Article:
Some would argue it swayed the US election. Some would argue Reddit is bought and sold.
The popular or all experience is completely different. Commenting you don't even know if it's a real person or not.
Does anyone know a forum similar to this or Reddit where it's ALL verified accounts?
There's a one time $5 fee at signup and a 1 week waiting period after to post/comment. Seems to do a good job preventing this type of thing because the costs quickly get prohibitive if your dummy accounts keep getting deactivated.
It's still an ugly echo chamber on politics though, it is extremely far US-left on everything.
A dummy account on reddit may be allowed to vote hundreds of times before being banned so the price per vote becomes minimal.
I'd personally head in exactly the opposite direction - somewhere where there are no accounts at all, in the tradition of anonymous imageboards since the founding of 2chan. Granted the selection isn't so wide any more.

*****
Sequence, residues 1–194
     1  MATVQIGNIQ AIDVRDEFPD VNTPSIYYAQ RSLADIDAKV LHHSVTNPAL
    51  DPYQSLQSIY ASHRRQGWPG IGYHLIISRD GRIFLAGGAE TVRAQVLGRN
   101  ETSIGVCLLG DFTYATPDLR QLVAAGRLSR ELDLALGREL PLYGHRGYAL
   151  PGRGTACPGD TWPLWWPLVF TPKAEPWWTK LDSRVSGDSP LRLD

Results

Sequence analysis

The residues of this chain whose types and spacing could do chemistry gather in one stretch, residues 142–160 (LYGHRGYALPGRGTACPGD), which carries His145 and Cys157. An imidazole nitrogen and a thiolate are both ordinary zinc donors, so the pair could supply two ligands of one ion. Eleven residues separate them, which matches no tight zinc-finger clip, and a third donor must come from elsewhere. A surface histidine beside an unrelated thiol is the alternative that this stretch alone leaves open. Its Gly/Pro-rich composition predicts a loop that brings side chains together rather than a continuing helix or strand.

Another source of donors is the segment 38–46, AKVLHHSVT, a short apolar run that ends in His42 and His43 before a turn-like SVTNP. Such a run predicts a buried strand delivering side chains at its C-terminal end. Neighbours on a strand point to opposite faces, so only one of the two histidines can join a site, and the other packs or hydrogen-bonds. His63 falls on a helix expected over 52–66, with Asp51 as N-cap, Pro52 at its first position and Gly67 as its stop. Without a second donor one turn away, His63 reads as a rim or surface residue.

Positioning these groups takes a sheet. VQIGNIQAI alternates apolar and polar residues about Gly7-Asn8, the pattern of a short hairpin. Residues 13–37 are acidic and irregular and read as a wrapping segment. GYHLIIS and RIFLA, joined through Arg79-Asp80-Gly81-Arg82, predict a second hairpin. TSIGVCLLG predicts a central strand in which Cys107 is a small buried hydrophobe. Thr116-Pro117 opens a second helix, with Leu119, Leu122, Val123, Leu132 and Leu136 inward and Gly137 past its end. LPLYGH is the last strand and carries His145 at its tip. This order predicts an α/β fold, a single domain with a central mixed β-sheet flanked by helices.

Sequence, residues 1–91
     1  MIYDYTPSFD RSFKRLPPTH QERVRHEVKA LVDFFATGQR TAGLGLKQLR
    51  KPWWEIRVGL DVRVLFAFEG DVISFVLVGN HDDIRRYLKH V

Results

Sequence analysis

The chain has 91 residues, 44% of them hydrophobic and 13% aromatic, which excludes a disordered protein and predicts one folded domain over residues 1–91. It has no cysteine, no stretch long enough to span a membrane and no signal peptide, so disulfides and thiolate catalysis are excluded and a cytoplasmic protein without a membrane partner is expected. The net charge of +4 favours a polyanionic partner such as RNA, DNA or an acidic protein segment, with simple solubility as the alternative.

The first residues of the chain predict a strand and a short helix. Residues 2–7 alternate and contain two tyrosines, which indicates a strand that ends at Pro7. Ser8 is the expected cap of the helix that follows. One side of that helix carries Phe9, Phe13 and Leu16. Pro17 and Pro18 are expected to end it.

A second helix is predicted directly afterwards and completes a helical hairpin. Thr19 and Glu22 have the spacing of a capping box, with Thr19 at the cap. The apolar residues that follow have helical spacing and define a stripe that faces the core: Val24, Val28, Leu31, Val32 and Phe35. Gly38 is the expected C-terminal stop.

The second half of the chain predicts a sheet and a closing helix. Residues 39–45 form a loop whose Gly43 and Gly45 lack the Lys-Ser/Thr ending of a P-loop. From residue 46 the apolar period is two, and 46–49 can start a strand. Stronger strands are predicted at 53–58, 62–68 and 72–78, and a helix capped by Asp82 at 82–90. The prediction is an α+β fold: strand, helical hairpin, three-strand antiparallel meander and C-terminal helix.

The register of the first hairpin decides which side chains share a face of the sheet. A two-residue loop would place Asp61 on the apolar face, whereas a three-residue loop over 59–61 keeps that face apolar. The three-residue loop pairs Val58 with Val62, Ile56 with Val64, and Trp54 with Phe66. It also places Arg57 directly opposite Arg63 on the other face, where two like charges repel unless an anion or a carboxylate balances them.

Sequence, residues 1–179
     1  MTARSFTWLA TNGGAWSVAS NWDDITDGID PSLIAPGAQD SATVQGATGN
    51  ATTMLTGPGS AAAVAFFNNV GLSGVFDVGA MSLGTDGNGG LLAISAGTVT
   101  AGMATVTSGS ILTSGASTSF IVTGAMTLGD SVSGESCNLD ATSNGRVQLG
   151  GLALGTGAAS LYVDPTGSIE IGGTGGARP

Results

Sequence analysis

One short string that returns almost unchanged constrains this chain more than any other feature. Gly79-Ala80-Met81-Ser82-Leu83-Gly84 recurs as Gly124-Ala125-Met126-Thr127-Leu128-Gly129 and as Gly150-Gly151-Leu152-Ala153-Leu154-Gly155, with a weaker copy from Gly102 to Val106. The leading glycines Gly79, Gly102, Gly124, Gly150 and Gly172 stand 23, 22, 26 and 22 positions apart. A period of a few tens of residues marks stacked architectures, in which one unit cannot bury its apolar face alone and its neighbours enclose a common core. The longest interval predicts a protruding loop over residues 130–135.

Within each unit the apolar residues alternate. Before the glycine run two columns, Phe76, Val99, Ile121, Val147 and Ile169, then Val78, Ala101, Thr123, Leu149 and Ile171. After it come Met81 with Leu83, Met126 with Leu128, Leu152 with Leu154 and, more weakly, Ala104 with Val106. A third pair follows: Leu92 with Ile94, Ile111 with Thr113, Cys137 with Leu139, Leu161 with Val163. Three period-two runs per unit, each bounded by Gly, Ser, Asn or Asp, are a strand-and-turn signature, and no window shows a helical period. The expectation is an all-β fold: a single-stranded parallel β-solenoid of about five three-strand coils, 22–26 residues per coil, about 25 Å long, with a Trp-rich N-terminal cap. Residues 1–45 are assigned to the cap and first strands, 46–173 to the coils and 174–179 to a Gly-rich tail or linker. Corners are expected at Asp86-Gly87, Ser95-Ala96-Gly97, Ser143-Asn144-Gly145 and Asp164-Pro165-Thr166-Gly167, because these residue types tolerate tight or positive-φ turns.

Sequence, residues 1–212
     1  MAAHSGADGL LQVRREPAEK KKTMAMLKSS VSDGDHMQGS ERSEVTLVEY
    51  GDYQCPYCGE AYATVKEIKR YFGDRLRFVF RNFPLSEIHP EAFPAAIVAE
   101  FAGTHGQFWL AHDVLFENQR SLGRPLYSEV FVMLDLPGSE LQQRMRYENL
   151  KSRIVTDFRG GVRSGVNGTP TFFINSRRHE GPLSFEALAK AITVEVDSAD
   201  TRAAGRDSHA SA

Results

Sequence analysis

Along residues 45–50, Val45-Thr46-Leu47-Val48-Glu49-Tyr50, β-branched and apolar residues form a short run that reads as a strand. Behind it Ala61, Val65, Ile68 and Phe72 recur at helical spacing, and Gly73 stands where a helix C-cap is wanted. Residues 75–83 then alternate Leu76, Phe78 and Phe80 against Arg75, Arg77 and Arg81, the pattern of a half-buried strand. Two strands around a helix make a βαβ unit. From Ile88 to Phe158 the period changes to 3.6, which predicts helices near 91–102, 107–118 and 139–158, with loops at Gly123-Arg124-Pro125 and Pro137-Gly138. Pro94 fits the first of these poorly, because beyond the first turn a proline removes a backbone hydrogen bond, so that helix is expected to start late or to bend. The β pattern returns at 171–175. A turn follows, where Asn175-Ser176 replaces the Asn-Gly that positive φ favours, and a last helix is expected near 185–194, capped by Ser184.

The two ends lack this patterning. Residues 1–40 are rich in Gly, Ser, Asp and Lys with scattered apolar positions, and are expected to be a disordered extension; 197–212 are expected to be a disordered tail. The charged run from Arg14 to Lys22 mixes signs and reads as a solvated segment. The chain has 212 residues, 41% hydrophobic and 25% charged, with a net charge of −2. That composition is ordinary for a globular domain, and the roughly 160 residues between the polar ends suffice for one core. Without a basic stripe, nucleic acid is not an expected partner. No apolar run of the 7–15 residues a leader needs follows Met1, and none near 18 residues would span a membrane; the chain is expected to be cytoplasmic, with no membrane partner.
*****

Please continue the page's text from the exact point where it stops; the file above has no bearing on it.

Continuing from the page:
"All verified accounts" sounds like a boring echo chamber.
It seems like it would be easy enough and cheap enough to build a honeypot to identify accounts used for the purchased Reddit upvotes.
For example, Reddit could set up some honeypot posts to track paid upvote accounts.
They then go and pay these upvoters to upvote the honeypot post and identify the accounts used. (It would be helpful if the post was hidden so other people don't find it accidentally. In fact, it is possible to just use a tracking redirect page given only to the paid upvoters and use any post as the upvote "job" so it would be hard to identify by the upvoters.)